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Efficacy and safety of paravertebral blocks for breast surgery: A quantitative systematic review of randomised controlled trials

1AP7–3

Schnabel, A.; Reichl, S.; Pogatzki-Zahn, E.; Kranke, P.; Zahn, P.

European Journal of Anaesthesiology (EJA): June 12th, 2010 - Volume 27 - Issue 47 - p 24–25
Evidence-based Practice and Quality Improvement
Free

Department of Anaesthesiology and Intensive Care, University Hospital of Muenster, Muenster, Germany

Background and Goal of Study: Thoracic paravertebral blocks are performed for unilateral postoperative analgesia in breast surgery since 1995. Aim of the present quantitative systematic review was to assess efficacy and possible adverse effects of paravertebral blocks alone or in combination with general anaesthesia compared with other analgesic treatments in women undergoing breast surgery.

Materials and Methods: Included were all randomised controlled trials investigating the efficacy and safety of paravertebral blocks in comparison to other analgesic and anaesthetic strategies for women undergoing breast surgery. The systematic search, data extraction, critical appraisal and pooled analysis were performed according to the PRISMA statement. Relative risk (RR), mean difference (MD) and the consecutive 95% confidence intervals (CI) were calculated using the Revman® as statistical software.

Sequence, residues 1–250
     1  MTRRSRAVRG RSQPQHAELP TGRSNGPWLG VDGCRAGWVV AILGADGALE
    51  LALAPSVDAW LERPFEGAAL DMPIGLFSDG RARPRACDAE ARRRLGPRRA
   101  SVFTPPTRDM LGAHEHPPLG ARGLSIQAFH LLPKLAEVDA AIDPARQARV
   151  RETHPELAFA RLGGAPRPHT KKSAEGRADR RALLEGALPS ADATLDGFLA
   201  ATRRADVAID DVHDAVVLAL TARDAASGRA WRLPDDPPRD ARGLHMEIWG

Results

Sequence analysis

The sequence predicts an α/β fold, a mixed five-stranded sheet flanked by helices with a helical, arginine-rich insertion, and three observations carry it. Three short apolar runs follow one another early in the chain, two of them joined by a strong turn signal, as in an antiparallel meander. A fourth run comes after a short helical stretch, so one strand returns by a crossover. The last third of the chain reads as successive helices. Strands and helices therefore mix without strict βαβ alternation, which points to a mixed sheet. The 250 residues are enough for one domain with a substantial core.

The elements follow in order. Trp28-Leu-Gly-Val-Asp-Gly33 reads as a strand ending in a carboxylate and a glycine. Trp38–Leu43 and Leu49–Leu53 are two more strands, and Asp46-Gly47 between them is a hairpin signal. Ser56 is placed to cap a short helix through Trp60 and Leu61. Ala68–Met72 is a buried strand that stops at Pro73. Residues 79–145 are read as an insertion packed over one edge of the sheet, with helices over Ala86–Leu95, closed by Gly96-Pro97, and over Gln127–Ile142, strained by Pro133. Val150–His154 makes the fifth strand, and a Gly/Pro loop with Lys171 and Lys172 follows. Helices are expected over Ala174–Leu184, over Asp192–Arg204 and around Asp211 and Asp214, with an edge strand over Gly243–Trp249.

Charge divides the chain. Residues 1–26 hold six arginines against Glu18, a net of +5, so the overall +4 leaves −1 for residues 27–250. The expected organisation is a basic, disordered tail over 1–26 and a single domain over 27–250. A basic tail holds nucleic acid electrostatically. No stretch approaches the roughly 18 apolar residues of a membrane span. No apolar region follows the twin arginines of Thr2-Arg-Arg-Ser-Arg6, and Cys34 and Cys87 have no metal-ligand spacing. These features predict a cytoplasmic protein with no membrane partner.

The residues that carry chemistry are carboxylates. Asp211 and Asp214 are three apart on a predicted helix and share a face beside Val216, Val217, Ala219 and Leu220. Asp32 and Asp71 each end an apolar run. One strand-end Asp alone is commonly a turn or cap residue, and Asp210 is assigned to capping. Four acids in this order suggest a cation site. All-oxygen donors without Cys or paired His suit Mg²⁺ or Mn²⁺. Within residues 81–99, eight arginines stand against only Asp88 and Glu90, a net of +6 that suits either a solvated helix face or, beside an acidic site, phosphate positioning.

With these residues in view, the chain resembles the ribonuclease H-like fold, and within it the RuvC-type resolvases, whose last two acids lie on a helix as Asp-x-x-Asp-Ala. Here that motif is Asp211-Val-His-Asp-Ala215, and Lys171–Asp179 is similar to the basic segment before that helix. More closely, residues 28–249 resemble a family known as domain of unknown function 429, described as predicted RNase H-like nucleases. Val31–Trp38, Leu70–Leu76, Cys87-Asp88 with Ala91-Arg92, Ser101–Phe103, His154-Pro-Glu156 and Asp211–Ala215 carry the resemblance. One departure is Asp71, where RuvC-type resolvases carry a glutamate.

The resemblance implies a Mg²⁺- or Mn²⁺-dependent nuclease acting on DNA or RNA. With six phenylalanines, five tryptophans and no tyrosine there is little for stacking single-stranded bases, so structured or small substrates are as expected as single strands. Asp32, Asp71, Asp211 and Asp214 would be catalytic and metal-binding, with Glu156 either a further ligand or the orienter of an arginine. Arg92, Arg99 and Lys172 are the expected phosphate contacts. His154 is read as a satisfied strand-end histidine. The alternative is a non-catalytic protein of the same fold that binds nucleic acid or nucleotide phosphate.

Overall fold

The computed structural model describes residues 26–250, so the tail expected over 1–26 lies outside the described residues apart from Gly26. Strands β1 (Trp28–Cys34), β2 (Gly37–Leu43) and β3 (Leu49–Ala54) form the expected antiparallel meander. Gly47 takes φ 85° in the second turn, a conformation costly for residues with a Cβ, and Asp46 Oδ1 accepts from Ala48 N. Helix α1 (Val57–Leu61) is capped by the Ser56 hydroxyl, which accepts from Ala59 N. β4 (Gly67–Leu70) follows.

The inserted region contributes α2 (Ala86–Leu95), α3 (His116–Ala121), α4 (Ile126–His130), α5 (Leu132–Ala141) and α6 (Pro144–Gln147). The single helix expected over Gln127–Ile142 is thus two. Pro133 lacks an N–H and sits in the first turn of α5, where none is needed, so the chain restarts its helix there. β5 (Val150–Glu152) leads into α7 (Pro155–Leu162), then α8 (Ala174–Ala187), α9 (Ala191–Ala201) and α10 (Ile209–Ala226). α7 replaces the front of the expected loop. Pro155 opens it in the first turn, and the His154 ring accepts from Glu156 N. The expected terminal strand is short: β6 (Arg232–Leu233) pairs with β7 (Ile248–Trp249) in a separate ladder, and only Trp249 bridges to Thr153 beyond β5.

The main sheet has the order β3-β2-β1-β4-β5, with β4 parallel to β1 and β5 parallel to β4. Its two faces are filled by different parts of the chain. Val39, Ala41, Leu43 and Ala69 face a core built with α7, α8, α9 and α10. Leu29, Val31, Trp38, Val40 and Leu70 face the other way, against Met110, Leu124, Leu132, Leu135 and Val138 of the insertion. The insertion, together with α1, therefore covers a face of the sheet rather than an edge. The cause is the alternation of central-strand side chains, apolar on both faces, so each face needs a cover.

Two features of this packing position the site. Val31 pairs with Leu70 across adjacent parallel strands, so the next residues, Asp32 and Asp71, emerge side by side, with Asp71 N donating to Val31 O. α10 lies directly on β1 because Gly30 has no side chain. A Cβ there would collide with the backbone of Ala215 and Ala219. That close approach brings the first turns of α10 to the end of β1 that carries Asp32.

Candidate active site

Results and Discussion: Fourteen randomised controlled trials (published between 1999–2009) including 867 patients met the inclusion criteria. There was a significant difference in severe postoperative pain scores between paravertebral blocks alone and general anaesthesia at <2h (MD: -2.68; 95% CI: -3.33 - -2.02; P < 0.0001), 2–24h (MD: -2.34; 95% CI: -3.38 - -1.30; P < 0.0001) and 24–48h (MD: -1.62; 95% CI: -3.09 - 0.16; P < 0.00001) after surgery. Similarly, lower pain scores were observed for combined paravertebral blocks with general anesthesia compared to general anaesthesia alone for <2h (MD: -1.32; 95% CI: -1.75 - -0.9; P < 0.0001), 2–24h (MD: -1.90; 95% CI: -2.28 - -1.52; P < 0.00001), 24–48h (MD: -1.80; 95% CI: -2.92 - 0.68; P = 0.002) after surgery. Furthermore, women undergoing breast surgery with a paravertebral block alone required postoperatively a lower total amount of systemic morphine at 0–24h (MD: -3.59; 95% CI: -6.28 - -0.89; P = 0.009). The RR for adverse events like nerval damage, transient horner syndrome, vascular pucture or pneumothrax following paravertebral block were very low.

Conclusion(s): There is considerable evidence that paravertebral blocks in addition to a general anaesthesia or alone may provide a better postoperative pain control with little adverse effects compared to other analgesic treatment strategies in women undergoing breast surgery. However, these results were limited by clinical heterogeneity due to the application of different surgical techniques and the use of diverse types and doses of local anaesthetics.

© 2010 European Society of Anaesthesiology